January 22, 2019
In the second installment of this series, Amit Khera, MD, director of Preventive Cardiology and a Professor of Medicine at UT-Southwestern Medical Center in Dallas, discusses lifestyle risk, long-term risk, and genetic cholesterol problems among younger patients and he explains why it is important to screen earlier in life.
This is Dr. Amit Khera. I am Director of Preventive Cardiology and a Professor of Medicine at UT‑Southwestern Medical Center in Dallas. I'm also President of the American Society of Preventive Cardiology.
The last thing I'll talk about is something I would like to call lifestyle risk, long‑term risk, and genetic cholesterol problems. There are some genetic cholesterol problems, one is called familial hypercholoesterolemia. It affects about 1 in 250 people in the population.
It's inherited in an autosomal‑dominant manner, meaning if you have it, you have 50/50 chance of giving it to your children. It's a 50/50 chance of passing it on. These people have pretty high cholesterol from birth, and they have about a 5‑ to 16‑fold increase risk of heart attacks and strokes in their lifetime.
The guidelines did a couple of things. First, they reminded us that heart disease is a lifelong illness. When people have a heart attack at age 60, heart disease begins in our teens and even in childhood. It's a lifelong prevention plan.
Now they specifically said that we should think about this lifetime. In people who are 20 to 40, we should counsel them and check their cholesterol and talk about their lifetime risk, in terms of their long‑term risk.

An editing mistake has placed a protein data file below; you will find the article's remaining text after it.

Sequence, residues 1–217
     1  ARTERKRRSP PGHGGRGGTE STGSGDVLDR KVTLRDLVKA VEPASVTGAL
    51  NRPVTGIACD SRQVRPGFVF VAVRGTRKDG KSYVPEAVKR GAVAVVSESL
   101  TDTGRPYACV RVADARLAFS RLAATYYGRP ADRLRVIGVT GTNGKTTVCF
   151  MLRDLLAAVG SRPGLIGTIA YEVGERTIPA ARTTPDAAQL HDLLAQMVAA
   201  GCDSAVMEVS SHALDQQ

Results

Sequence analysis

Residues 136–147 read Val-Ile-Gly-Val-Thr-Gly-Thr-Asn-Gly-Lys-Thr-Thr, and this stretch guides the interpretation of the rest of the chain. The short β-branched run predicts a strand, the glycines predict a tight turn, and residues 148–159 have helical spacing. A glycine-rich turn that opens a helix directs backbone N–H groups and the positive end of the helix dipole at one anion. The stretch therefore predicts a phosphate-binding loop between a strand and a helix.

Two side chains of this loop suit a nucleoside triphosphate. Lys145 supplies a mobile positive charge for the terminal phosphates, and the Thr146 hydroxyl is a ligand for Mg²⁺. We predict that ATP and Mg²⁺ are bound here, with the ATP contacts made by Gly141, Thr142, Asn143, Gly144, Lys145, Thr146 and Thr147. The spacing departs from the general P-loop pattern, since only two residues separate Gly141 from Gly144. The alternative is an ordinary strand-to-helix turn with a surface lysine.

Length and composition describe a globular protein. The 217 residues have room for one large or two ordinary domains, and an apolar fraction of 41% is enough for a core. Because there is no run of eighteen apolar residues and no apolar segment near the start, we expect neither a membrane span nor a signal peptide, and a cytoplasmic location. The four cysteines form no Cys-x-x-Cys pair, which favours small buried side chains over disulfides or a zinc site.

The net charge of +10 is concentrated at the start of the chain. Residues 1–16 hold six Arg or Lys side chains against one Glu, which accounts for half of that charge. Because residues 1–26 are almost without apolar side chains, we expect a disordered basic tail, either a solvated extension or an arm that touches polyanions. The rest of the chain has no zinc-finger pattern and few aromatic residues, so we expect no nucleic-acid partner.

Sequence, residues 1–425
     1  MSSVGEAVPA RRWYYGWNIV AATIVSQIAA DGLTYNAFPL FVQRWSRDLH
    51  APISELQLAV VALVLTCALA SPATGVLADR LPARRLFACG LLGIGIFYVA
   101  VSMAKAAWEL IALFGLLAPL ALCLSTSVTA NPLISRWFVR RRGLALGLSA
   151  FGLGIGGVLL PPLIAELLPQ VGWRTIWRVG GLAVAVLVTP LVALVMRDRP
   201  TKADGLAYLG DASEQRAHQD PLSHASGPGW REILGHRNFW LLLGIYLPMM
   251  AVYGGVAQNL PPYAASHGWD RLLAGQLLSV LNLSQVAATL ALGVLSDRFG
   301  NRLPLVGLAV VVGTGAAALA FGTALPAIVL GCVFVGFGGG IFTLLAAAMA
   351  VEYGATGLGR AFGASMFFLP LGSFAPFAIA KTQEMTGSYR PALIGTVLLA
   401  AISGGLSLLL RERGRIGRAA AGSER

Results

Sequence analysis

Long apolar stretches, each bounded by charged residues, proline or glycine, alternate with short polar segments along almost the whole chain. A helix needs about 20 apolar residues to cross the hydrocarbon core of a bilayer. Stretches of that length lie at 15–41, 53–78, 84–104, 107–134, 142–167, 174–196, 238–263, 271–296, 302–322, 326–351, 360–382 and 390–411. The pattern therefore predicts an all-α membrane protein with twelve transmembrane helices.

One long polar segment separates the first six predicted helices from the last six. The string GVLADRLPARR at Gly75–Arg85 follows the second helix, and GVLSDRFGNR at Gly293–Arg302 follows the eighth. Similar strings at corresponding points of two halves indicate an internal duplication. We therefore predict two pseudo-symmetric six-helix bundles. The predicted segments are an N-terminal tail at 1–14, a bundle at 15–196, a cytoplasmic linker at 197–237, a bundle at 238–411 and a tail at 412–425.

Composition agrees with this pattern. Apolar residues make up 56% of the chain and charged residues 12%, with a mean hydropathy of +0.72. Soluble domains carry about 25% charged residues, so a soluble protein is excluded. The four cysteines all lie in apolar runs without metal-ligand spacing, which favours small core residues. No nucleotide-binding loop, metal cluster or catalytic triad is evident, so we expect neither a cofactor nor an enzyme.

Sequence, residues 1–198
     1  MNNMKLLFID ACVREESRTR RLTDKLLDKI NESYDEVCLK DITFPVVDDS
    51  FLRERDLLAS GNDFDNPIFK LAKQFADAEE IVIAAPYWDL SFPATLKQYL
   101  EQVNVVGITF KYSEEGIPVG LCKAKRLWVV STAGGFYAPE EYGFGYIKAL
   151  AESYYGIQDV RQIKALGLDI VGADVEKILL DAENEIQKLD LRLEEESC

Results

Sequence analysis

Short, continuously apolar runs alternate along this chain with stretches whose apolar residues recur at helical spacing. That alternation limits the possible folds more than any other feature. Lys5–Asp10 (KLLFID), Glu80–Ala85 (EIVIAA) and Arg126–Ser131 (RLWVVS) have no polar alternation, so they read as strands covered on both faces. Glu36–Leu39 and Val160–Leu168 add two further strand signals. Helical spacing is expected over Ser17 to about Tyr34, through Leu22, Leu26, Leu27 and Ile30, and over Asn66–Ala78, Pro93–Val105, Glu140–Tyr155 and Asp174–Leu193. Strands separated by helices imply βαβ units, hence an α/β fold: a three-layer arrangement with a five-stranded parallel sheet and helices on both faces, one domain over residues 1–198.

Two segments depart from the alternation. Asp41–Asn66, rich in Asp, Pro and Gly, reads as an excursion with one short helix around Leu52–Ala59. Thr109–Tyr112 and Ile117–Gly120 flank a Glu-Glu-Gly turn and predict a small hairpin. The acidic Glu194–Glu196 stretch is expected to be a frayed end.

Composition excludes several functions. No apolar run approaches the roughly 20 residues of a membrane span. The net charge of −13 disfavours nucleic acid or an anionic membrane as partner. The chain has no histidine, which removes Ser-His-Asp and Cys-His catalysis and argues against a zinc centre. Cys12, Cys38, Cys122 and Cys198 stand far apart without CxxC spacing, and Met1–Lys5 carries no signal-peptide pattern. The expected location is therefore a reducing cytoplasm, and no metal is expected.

Mainly statins are recommended in people over the age of 40. Even 20 to 40, it doesn't mean they all need medicine, but we shouldn't ignore them either. If the cholesterol's high, we predominantly focus on lifestyle things, diet and exercise.
The current recommendation if you're a parent, have high cholesterol or early heart disease, children are supposed to get their cholesterol checked as early as the age of two. That sounds a little extreme, but the goal there is to pick up people who might have familial hypercholesterolemia.
As I mentioned, it 1 in 250 people. It's not terribly rare. If we can pick it up in childhood and starting treatments like statins earlier in life ‑‑ FDA‑approved at the age of 10 for kids that have this severe cholesterol issue ‑‑ then we may have an opportunity to really change these people's natural history.
The take‑home points on that part of the guideline is this idea let's not just wait till 40 to think about heart disease. Even in people 20 to 40, we should be having these conversations and paying attention to the risk factors.
In some people with very high cholesterol, we need to identify other family members and screen them for genetic cholesterol problems. The earlier we impact them and start medicines, we can greatly reduce the risk of heart attacks and strokes over their lifetime.
I hope that was informative and helpful for your work with patients in preventing heart disease and strokes.